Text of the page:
I didn't wise up about work until I reached my early 40s, so I am a bit of late bloomer. Until then I previously held a series of post-college crap jobs until I landed my first (and only) "real job" when I was 33. For the first few years I was enthusiastic and truly enjoyed the work. But enthusiasm slowly turned to ambivalence which then became disillusionment and finally active disengagement. I became the living embodiment of Wally [amuniversal.com], Dilbert's slacker co-worker, as I no longer gave a shit about the company and the job. Ultimately, I got laid off along with several others in my department and now I'm enjoying a phat severance package as well as making some money from my dividend investment portfolio.

    My point is this: Don't work for the sake of working. You can always make more money but you can't make more time. Early retirement should be your overarching goal. It can be done, as many people have proven it. Just research FIRE (Financially Independent Retired Early) and your eyes will be opened to what's possible. When you no longer *need* to work and are in a position to do the work you *want* to do, the world becomes a lot more brighter.

  • Never hated my career. Never felt I couldn't 'take that risk'. Always had plenty of outside interests I devoted time to. Simply can't relate.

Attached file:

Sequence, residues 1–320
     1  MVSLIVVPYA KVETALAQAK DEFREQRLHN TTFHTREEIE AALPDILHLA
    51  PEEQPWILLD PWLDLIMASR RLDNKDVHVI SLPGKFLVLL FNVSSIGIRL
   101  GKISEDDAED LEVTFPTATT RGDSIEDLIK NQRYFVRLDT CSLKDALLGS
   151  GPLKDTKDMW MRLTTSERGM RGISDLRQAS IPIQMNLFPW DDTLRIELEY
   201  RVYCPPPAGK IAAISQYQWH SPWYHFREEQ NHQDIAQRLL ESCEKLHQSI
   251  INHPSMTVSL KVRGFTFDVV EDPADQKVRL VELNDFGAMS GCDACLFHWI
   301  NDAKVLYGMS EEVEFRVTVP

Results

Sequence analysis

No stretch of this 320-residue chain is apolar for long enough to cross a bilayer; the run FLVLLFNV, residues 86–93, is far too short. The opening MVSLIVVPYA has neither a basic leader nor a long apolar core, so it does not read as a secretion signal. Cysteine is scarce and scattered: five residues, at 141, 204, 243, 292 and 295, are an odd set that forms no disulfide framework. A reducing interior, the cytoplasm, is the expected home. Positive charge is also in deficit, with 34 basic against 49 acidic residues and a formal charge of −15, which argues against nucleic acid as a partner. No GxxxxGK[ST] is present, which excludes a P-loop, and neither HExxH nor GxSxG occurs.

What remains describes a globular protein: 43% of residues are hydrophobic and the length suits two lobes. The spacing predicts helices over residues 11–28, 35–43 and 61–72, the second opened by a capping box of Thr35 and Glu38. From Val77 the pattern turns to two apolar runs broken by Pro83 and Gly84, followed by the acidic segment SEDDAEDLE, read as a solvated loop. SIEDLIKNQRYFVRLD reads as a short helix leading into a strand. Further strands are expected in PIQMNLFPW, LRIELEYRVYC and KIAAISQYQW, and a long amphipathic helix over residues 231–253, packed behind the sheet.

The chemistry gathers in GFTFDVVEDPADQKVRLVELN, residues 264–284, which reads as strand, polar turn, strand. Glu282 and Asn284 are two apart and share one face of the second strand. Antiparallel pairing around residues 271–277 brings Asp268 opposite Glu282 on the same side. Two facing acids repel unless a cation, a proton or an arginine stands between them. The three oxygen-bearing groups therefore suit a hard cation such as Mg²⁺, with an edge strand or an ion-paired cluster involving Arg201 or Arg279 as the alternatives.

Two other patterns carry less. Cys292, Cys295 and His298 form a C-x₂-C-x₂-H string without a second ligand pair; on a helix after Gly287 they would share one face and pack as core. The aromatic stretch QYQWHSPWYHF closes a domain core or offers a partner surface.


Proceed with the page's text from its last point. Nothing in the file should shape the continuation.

Were the findings skewed? Keep in mind Robert Half makes their living in job placement. If people don't want to change jobs, they don't have income.
    • Wait, are you saying that a job placement firm might want to push a false narrative that would encourage people to become dissatisfied with their current jobs so that the firm could make a sweet nut on both sides of them moving to a different job?

      • by Quirkz ( 1206400 )

        While it could be a false narrative, it could also be a convenient truth. I mean, it's almost guaranteed there's some fraction of the workforce unhappy with their jobs. It only makes sense to identify that segment and market to it. It doesn't have to be a lie just because it fits what they're selling.

  • by MouseR ( 3264 )

    I'm not people!

  • by ErichTheRed ( 39327 ) on Tuesday August 22, 2017 @12:26PM (#55063745)

    As people age, they tend to collect responsibilities outside of work. That's (IMO) what makes people hate their jobs more -- it's stress, and the feeling of being trapped no matter what path you choose:
    - Places to live where technology professionals congregate are too expensive for most families to survive on a single income. This means both parents work, adding to family stress, as well as having a large amount of monthly expenses even if you aren't spending way above your means.
    - My wife and I are constantly trying to balance our jobs and our family life. Some people don't give a crap or just give up trying, but actually caring adds a lot of stress onto your plate as you try to juggle different priorities.